The Wonderful Barn

The Wonderful Barn in my opinion, is the most impressive monument I have come across so far in all my studies of Irish Archaeology. Why didn’t they flash this image anywhere in college,and why doesn’t Kildare tourism use this more? It’s pretty unique (aside from two other similar structures nearby) to say the least. Built in 1743 by Katherine Connolly, it was a relief project to provide local people with employment during a famine at the time. It was supposed to be a place to store grain from the local clans of the O’Byrnes and the O’Tooles who visited the area looking for food. It’s a conical shaped building with an outdoor staircase of 94 steps wrapping itself around the seven story high  building. Grain was pulled up through the centre of the room and was spread on the floors to dry. The windows are made of oak and are unglazed to provide ventilation to the Barn. It’s easy to access being near the N4, but you’ll have to go through a field or two (there are nearby allotments nearby), but once you’re there you should have the place to yourself.

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References : A History of Celbridge by Tony Doohan




Heritage Week

Remember it’s Heritage week!

Here are the events happening in Ireland, just choose your county! In Kildare, you can get tours of Maynooth Castle, of Castletown House, Canal tours, bus tours to local towns, Forest Park tours, so there’s plenty to see.

‘Ruins are not empty. They are sacred places full of presence’ – John O’ Donoghue

I found this quote at the beginning of  ‘A History of Celbridge’ and I wanted to know what you think of it.

A part of me wants to shout down this quote as stupid. How can ruins be sacred and full of presence? People lived there before and may have been around too, but now they are cold, dark and empty and say or do nothing. It is only people that bring places to life. You don’t see people looking at my disused garage with nostalgia. Most people pass over lesser known ruins. Basically they are not sacred and are most definitely empty.

Another part of me disagrees with this however. I’m the first to admit I really dislike people imposing meaning and importance onto places which in my opinion have none. But what is it that makes me turn my head every time I pass a monument, or an object from the past I’ve spotted hundreds of times? Is it because it is ‘sacred’? Is it because people lived there before or attached importance to it before? There are plenty of ruined cottages in the countryside nobody cares about, but what makes Newgrange, or the Rock of Cashel, Two of Ireland’s biggest tourist attractions, so, well…attracting? If you look at the model of Newgrange in the information centre you see fact, and imagination. Images and models of a hunter-gatherer lifestyle are pictured.People look up inside the tomb and silently (or not )sigh an ‘AH’. They envisage presence, they feel a sacred space.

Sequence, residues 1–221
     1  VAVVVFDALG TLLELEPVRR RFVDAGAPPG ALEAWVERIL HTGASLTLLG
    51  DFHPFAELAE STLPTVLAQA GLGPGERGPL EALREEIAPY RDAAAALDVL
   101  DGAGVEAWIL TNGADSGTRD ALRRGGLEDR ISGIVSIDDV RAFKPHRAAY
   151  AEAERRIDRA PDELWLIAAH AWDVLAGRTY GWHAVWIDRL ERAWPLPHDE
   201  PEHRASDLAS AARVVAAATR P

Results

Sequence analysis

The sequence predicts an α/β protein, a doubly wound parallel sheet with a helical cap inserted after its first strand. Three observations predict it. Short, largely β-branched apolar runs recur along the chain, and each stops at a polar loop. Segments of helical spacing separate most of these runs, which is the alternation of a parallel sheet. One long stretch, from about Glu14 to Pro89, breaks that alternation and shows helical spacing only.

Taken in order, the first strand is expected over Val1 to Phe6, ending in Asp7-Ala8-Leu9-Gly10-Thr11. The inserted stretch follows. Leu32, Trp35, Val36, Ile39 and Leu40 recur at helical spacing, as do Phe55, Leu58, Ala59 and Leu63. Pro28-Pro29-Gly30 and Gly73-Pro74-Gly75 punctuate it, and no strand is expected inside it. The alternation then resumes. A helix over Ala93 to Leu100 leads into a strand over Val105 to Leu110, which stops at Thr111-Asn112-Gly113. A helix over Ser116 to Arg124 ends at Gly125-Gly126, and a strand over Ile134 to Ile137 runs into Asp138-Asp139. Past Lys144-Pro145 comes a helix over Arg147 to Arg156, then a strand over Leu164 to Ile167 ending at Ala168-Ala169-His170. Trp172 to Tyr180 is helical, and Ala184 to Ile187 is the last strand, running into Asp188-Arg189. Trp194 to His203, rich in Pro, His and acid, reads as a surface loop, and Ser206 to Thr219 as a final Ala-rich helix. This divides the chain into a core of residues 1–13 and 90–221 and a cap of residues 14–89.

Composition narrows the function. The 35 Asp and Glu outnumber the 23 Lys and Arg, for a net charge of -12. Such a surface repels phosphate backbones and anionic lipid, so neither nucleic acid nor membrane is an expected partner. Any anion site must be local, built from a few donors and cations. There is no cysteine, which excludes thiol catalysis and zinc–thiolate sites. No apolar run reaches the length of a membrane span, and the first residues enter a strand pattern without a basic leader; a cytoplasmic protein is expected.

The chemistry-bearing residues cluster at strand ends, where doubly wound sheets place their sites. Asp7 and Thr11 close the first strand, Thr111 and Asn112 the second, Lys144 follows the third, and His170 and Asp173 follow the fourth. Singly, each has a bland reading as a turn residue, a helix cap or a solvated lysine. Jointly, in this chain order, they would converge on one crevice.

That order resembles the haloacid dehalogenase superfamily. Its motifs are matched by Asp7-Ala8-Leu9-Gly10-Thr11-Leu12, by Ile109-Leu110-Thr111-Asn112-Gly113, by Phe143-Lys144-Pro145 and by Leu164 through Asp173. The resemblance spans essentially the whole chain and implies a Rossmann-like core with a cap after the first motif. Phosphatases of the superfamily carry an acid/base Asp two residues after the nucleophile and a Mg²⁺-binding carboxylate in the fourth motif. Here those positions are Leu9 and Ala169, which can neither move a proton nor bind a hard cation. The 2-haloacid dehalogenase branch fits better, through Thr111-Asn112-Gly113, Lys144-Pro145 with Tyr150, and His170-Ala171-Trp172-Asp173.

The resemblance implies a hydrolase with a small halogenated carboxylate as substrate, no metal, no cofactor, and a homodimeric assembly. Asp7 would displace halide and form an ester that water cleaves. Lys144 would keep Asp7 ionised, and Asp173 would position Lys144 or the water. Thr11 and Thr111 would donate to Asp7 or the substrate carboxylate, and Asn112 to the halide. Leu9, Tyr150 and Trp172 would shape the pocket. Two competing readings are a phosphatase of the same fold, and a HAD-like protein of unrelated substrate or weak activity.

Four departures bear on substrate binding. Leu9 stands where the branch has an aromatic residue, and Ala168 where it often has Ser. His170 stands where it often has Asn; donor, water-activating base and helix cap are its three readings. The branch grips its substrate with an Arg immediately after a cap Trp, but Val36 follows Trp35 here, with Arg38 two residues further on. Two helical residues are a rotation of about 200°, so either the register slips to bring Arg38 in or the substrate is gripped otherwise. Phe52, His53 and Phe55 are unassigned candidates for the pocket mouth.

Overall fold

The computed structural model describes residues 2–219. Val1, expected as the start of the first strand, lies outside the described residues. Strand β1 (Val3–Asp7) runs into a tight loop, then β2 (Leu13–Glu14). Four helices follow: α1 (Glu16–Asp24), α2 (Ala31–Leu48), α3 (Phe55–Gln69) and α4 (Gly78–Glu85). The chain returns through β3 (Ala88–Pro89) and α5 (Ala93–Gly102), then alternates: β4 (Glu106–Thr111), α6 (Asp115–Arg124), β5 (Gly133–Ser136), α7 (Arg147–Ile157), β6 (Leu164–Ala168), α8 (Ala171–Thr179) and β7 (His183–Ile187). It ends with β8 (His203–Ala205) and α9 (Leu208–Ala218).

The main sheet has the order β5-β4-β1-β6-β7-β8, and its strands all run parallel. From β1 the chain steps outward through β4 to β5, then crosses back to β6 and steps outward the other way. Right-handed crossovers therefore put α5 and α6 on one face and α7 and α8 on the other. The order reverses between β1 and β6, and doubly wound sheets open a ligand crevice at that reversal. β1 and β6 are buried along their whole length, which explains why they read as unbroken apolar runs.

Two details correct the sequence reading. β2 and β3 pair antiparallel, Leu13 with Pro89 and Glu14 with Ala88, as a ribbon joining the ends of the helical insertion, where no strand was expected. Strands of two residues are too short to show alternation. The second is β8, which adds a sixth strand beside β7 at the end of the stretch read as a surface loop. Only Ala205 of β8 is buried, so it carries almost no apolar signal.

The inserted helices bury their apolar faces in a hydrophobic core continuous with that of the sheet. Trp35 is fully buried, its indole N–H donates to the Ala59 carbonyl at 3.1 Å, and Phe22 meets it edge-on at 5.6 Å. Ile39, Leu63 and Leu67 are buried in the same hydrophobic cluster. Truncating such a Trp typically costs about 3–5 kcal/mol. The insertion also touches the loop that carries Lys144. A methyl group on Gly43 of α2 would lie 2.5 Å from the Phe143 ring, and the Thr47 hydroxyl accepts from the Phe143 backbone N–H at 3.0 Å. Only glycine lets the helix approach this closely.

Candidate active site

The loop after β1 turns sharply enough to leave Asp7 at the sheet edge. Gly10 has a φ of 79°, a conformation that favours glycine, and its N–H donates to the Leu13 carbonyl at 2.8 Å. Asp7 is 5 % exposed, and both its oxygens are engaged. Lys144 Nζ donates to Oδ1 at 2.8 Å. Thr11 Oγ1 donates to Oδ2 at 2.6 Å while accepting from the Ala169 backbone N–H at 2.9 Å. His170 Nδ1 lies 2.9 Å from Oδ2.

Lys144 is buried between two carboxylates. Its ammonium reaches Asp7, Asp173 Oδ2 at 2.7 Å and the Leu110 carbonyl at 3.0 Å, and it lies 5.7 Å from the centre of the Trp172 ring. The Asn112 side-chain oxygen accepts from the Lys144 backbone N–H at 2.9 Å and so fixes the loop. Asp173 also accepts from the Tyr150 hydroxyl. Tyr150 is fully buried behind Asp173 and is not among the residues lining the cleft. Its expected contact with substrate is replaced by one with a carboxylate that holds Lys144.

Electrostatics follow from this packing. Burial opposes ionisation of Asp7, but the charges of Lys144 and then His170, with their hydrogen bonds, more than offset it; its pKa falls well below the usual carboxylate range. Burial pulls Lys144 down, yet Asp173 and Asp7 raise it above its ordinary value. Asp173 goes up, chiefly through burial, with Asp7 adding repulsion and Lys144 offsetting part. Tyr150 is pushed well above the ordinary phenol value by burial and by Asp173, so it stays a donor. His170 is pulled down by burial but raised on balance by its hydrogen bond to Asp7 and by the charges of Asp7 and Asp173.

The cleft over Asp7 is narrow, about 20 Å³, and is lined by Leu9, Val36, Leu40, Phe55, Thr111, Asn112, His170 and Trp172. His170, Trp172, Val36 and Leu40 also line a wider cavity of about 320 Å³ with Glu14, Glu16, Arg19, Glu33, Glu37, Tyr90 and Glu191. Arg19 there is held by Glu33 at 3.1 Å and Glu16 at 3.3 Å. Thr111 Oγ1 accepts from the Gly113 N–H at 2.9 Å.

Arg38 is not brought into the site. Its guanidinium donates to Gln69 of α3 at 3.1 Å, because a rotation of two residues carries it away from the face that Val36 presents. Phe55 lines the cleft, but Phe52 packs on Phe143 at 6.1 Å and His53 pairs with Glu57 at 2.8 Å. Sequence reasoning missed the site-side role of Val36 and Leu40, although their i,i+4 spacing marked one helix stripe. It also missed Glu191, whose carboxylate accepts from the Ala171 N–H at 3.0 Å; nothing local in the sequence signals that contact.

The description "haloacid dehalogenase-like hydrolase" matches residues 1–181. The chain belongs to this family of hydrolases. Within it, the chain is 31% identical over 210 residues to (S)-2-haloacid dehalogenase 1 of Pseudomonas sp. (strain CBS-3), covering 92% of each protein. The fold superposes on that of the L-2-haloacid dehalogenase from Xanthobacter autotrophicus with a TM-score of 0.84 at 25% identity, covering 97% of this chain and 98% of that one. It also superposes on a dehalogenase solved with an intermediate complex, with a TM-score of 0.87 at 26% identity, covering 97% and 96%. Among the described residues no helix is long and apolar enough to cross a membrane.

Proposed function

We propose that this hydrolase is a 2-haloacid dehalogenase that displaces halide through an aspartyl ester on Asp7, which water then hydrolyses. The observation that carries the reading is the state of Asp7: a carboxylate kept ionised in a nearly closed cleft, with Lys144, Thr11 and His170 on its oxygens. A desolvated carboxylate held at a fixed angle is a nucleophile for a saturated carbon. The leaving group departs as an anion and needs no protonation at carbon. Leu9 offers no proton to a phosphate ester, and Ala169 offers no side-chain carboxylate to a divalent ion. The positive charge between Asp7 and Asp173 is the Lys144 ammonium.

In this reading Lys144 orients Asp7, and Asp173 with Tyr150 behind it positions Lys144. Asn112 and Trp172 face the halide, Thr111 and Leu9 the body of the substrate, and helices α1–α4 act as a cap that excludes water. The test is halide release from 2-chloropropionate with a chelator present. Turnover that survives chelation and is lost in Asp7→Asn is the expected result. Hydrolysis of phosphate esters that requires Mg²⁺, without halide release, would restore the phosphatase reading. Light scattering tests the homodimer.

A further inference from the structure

What do you think? Have you felt sacred space, or presence?
Share your thoughts.

The Return of…

Maynooth Castle is once again open for business this year. Details of its opening hours can be found here

It seems like a good time to announce my return to the blogging world. After a hectic few months settling into a new job, I feel the time is right to continue the adventures that are Archaeology in Maynooth! Will keep you posted.

Archaeology is STRANGE


It’s been a while since I’ve posted. A stolen laptop and a new job can contribute to that. So I was going to make this one quick. I’ve been thinking about Archaeology and it is strange. I take pictures of objects and buildings that were normal occurrences years ago and describe them as if they were of special interest. They are interesting don’t get me wrong, but a castle, however inspiring it is to look at, was simply a place where people lived. So to get me thinking about this more, I took a lovely picturesque photo of Tesco, where in years to come, some blogger from the 22nd century will take the same photo of a beautiful overgrown Tesco and describe the history of this building where people used to shop.